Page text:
By Shannon Pettypiece
NEW YORK — Claudia Burzichelli doesn't want to die like her dad. Nine years ago, her father, already afflicted with Parkinson's, killed himself with a gunshot to the head days after his release from a hospital where he had been treated for a heart attack.
Burzichelli, 54, now suffering from kidney and lung cancer, is haunted by her father's violent death, even more so as she contemplates her own mortality. She hopes to find a more peaceful way to end her life, if it comes to that.
"On those days when I've struggled to breathe, when I think about the stresses on my family, I would hope that I might have more options than starving myself or taking my life in a violent way," she told a panel of New Jersey lawmakers during a hearing in February on a bill to legalize assisted dying. "It comforts me to think there could be a process, a way to offer options that would not hurt my family."
Baby boomers, like Burzichelli, a former eduction manager at Rutgers University, are at the forefront of a new movement. They brought on the sexual revolution, demanded natural childbirth, fought for legalized abortion and turned the mid- life crisis into a force for self-improvement. Now they're engaged in transforming how Americans experience death.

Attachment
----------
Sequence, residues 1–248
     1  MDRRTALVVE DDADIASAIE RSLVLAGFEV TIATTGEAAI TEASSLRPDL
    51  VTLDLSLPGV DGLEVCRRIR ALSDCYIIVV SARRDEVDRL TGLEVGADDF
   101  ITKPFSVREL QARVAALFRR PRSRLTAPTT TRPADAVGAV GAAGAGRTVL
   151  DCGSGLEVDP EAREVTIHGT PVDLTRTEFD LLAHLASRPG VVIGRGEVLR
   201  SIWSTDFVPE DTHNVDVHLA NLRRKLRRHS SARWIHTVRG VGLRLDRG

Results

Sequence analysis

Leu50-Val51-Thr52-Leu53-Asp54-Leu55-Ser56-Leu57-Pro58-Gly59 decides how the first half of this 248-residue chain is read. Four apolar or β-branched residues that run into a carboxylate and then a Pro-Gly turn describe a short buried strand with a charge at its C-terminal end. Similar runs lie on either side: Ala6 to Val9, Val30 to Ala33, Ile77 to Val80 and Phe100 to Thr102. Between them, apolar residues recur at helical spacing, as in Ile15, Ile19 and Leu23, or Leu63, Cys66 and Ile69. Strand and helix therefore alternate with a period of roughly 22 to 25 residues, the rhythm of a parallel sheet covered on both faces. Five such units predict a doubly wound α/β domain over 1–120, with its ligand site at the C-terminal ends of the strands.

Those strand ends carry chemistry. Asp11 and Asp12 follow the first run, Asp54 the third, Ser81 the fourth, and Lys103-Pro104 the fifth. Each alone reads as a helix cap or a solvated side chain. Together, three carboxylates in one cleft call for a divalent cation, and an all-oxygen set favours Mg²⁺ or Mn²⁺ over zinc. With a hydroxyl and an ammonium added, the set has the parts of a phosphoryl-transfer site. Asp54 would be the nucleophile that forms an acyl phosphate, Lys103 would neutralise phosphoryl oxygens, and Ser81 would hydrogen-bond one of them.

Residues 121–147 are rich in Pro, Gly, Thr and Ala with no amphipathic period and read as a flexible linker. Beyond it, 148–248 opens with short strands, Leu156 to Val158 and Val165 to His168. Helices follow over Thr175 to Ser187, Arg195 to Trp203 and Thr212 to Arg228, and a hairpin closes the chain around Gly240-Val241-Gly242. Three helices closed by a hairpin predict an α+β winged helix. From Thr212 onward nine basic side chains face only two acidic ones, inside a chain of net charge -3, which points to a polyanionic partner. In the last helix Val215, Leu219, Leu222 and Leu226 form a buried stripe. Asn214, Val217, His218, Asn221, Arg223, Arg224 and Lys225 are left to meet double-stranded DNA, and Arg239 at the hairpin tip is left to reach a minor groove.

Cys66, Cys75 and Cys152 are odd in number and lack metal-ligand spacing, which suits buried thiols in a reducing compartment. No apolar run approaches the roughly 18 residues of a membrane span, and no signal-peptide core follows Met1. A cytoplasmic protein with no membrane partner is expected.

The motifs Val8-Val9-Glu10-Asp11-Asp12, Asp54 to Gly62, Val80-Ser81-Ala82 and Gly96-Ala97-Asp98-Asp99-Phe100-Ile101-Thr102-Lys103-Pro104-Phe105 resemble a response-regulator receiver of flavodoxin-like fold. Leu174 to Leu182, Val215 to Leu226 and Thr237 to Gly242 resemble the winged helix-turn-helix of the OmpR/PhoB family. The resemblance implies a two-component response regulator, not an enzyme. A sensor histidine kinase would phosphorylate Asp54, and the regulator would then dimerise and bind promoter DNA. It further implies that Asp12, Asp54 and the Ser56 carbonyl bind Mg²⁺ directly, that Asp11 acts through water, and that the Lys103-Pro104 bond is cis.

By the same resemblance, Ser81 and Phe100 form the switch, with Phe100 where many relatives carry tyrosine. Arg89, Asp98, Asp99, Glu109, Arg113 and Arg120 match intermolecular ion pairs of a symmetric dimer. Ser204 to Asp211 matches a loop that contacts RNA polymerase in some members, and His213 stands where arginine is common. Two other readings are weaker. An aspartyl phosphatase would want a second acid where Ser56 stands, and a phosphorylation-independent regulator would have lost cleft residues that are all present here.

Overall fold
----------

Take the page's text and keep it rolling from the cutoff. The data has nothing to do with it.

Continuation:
In states across the country, including New Jersey, Connecticut, Massachusetts and Vermont, graying baby boomers have been lobbying lawmakers in recent months at hearings, in letters and by phone, pushing to make it legal for doctors to prescribe life-ending drugs to terminally ill patients. Advocates and opponents say there is more support this year than in past attempts with five states considering such legislation.
A subject of intense debate since the 1990s, state- sanctioned and regulated end-of-life drugs are gaining support amid demographic changes and shifting attitudes. Baby boomers are beginning to confront their own mortality even as they face the sometimes prolonged and painful deaths of their parents — the first to die in an era of modern medical care that can keep death at bay for months, often at great expense, with feeding tubes, ventilators and defibrillators. About 10,000 baby boomers, those Americans born from 1946 to 1964, will turn 65 each day for the next 19 years, according to the Pew Research Center in Washington.